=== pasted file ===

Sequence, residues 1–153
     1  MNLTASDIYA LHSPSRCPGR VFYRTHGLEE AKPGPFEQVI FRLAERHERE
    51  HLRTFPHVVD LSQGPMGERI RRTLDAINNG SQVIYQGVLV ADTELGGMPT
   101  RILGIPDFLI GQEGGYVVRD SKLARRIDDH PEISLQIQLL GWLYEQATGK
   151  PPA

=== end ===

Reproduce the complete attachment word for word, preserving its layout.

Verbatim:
Sequence, residues 1–153
     1  MNLTASDIYA LHSPSRCPGR VFYRTHGLEE AKPGPFEQVI FRLAERHERE
    51  HLRTFPHVVD LSQGPMGERI RRTLDAINNG SQVIYQGVLV ADTELGGMPT
   101  RILGIPDFLI GQEGGYVVRD SKLARRIDDH PEISLQIQLL GWLYEQATGK
   151  PPA